New York

“The Female Gaze”

The republication this year of Laura Mulvey’s 1975 essay “Visual Pleasure and Narrative Cinema” (in a second edition of Visual and Other Pleasures) is long overdue: In spite of the article’s canonical status, Mulvey’s fine-tuned concepts have too often been rendered vague, gestured to merely as a way of getting at blurry notions of “pleasure” and “the gaze.” Cheim & Read’s summer show, “The Female Gaze: Women Look at Women,” was a case in point. Assembled here was an extensive array of artworks, all of them executed by women, all of them taking the female form as subject. The show’s purview spanned nearly a century and a half, bookended by May Prinsep (Head of St. John), an albumen print from 1866 by Julia Margaret Cameron, and Mickalene Thomas’s A-E-I-O-U and Sometimes Y, 2009, four panels excerpted from a larger, multipanel rhinestone-encrusted painting made this year. That the two have many more differences than similarities comes as no surprise: The first is a not-exactly portrait of a young woman who often played muse for Cameron’s Romantic camera, here posing as no less than St. John, and the second is a pointed play on Pop appropriation, four candy-colored portraits of a fierce, middle-aged black woman in the throes of song.

It is all too obvious to point out the ways in which these images confound any simple compare-and-contrast exercise—their historical parameters are so fully out of sync that even while it is compelling to consider the ways in which both these artists court a play of subjectivity, say, or slippage between sitter and “performance,” there can be nonetheless no real symmetry. So too with comparisons between works such as Marina Abramovic ́’s important 1975 performance piece Art Must Be Beautiful, Artist Must Be Beautiful, in which the artist’s beauty regimen turns into self-mutilation, and Tracey Emin’s 2008 Legs IV, a work in blue neon showing schematic, abstracted legs, opened up and out to the viewer. Both pieces ostensibly give up the female body to be seen, to be understood within patriarchal, sexualized contexts. But where Abramovic ́ refuses this condition, Emin appears to revel in it.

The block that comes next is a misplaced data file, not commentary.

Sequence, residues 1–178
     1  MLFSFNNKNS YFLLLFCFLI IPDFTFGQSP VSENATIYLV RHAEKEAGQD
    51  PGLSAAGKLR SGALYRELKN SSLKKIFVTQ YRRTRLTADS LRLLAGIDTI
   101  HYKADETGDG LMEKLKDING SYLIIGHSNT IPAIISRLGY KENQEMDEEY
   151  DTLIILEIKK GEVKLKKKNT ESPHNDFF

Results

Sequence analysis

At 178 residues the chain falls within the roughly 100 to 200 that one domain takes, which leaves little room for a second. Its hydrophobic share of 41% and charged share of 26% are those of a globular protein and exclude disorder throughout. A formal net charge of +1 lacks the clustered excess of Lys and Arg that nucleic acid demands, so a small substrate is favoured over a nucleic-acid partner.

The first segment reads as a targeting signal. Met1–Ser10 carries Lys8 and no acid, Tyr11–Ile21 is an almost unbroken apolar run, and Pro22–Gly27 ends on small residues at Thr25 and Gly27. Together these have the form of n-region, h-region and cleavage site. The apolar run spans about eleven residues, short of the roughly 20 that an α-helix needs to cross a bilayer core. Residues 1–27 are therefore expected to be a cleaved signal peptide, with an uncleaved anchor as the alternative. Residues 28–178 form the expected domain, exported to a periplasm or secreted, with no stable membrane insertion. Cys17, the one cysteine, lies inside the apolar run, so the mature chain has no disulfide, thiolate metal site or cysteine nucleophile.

One could run through so many of these comparisons, since “The Female Gaze” included artists as diverse in period and ideological position as Vanessa Beecroft, Lynda Benglis, Jenny Holzer, Zoe Leonard, Joan Mitchell, Nan Goldin, Alice Neel, and Kara Walker. Some of these figures can certainly be categorized as making work informed by feminism, but many of them cannot. In and of itself, this is not a problem, but to group them all under a heading so broad and tendentious as “the female gaze” is to ask that they all share something—an impulse, a philosophy, an aesthetic. However, all the artists really appear to share is gender (their own and that of their sitters). This is problematic, even essentializing, and not productively so.

For all the problems inherent in “The Female Gaze” (not least of which is that the press release claims that the exhibition “attempts to debunk the notion of the male gaze by providing a group of works in which the artist and subject do not relate as ‘voyeur’ and ‘object’ but as woman and woman”), it inadvertently points up the impasse some argue feminism is experiencing. But rather than succumbing to vagueness, we might galvanize our own stakes in feminism by insisting on specificities, arguments, and positions: That is to say, we must still insist on differences. In this case, too, a return to Mulvey is apt. Her essay, after all, was a precise response—one that analyzed Hollywood cinema by way of psycho- analysis, feminism, and legacies of the avant-garde—to the conditions and operations of representation in her immediate context. And this is how she was able to imagine alternatives.

Johanna Burton